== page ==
Servosila unveils SDR-equipped UGV
Servosila has developed a new UGV called Radio Engineer, the company announced on 19 September.
The new UGV is a backpack-transportable robot with an integrated software defined radio (SDR) payload module.
The radio applications include localised frequency hopping pattern analysis, orthogonal frequency-division multiplexing waveform recognition, outdoor signal triangulation, cognitive mesh networking, automatic area search for radio emitters, passive or active mobile robotic radars, mobile base stations and mobile radio scanners.
The UGV’s rotating head acts as a pan-and-tilt device enabling various scanning and tracking applications. The neck of the robotic head is equipped with a pair of Servosila-made servos with a pointing precision of 3.0 angular minutes. This enables the UGV to point its antennae with high accuracy.
An on-board Intel i7 computer is internally connected to the SDR payload module, making it possible to execute GnuRadio applications directly on the on-board computer. Other sensors of the robot such as a GPS sensor, an IMU or a thermal vision camera contribute into sensor fusion algorithms.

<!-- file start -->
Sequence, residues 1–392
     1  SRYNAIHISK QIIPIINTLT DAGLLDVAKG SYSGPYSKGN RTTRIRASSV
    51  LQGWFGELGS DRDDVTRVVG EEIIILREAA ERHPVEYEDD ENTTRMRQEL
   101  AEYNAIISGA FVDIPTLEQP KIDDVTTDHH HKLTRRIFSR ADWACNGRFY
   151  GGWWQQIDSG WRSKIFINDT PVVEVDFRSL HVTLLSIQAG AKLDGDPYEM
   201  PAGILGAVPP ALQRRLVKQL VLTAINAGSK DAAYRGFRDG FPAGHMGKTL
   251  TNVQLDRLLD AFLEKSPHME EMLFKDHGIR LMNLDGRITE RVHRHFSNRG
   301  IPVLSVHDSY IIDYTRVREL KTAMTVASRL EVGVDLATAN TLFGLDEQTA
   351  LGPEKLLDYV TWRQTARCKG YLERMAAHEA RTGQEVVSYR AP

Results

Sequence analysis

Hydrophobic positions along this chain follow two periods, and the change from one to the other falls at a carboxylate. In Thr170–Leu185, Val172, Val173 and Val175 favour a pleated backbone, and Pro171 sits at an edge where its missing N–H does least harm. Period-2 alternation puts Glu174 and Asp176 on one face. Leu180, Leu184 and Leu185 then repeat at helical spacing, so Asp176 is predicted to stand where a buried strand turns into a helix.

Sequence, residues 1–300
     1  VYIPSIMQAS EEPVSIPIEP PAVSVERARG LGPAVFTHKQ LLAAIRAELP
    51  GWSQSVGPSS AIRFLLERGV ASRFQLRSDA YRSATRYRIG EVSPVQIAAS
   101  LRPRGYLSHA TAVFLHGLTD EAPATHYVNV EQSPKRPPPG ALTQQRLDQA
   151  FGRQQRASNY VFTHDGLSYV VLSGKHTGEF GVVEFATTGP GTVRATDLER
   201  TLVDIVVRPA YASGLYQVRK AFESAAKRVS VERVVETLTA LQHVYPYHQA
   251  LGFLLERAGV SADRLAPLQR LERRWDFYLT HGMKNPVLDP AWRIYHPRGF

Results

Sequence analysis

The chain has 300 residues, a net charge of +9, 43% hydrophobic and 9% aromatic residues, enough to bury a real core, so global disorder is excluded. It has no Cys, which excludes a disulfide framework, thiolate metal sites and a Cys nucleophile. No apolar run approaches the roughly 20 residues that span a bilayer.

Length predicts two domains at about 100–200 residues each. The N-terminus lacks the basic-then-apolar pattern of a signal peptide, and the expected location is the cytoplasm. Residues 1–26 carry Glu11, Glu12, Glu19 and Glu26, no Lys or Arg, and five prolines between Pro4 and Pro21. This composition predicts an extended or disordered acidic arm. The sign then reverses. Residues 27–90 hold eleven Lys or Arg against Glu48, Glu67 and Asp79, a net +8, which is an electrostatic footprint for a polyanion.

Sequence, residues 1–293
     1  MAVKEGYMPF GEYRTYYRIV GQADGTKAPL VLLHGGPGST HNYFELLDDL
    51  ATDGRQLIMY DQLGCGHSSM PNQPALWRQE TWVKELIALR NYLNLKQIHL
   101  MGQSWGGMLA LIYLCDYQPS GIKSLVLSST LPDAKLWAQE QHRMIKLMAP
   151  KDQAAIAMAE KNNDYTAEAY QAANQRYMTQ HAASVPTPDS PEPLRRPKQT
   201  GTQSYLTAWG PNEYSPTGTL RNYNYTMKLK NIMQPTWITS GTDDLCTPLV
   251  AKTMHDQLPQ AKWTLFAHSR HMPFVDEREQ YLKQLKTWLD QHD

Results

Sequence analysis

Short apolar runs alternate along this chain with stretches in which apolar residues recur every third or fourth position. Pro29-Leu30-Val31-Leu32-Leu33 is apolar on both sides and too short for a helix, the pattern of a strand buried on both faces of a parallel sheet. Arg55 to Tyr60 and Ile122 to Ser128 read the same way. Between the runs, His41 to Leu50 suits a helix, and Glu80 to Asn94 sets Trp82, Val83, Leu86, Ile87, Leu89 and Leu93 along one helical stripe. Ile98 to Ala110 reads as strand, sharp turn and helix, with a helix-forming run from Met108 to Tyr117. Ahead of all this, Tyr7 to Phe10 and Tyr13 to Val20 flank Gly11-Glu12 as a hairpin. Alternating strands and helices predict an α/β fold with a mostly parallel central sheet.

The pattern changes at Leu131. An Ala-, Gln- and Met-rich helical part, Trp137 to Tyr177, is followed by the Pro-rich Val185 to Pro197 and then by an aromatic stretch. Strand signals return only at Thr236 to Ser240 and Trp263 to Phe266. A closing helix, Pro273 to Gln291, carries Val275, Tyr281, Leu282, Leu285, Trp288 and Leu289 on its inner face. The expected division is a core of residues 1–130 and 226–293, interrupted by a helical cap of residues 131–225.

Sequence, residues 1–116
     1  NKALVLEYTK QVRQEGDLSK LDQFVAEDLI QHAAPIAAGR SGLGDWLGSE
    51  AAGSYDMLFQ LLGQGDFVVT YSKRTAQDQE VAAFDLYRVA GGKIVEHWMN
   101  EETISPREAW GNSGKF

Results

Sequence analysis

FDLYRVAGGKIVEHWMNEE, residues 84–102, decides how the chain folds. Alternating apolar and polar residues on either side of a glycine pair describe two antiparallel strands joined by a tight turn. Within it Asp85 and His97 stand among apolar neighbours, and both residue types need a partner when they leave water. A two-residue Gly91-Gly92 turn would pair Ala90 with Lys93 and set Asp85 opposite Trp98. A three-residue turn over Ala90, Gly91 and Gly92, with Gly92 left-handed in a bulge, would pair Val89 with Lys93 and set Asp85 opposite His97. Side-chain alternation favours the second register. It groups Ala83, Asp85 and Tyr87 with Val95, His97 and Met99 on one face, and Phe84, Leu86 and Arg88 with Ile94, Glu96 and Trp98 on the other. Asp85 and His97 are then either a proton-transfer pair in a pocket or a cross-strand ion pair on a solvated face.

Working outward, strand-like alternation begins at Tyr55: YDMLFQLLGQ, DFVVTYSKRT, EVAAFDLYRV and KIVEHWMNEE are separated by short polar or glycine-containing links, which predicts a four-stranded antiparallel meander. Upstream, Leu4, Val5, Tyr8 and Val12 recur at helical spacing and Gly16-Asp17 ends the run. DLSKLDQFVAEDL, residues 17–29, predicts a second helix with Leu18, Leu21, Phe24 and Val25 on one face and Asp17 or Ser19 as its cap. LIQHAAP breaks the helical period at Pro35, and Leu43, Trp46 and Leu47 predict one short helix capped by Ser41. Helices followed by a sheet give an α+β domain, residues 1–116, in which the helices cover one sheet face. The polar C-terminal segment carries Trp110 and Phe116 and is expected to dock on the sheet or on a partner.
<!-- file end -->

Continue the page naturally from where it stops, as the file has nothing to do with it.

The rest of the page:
Primarily designed for outdoor use, the SDR module is fully enclosed into a hardened body which provides protection from dust, rain, snow or impact with obstacles while on the move. The UGV and its SDR payload module are powered by an on-board battery making the entire system independent of external power supplies.
More from Uncrewed Vehicles
The UK Royal Navy envisages large uncrewed submarines will one day operate alongside their crewed counterparts.
Under the award, Seebye will support the USN’s MK18 UUV family of systems programme.
PESCO said the project would take lessons learned from trials during REPMUS and look to build closer cooperation with industry for further testing of new technologies.
The US Army live-fire test evaluated the performance of the C-UAS system of systems before operational use.
With the Arabian Gulf representing a vast maritime area for crewed vessels to patrol, USVs and UUVs could become the US Navy's eyes and ears in the region.
Describing its technology as akin to shipping containers for UAVs, TB2 Aerospace believes its cargo system for drones could yield benefits for tactical resupply.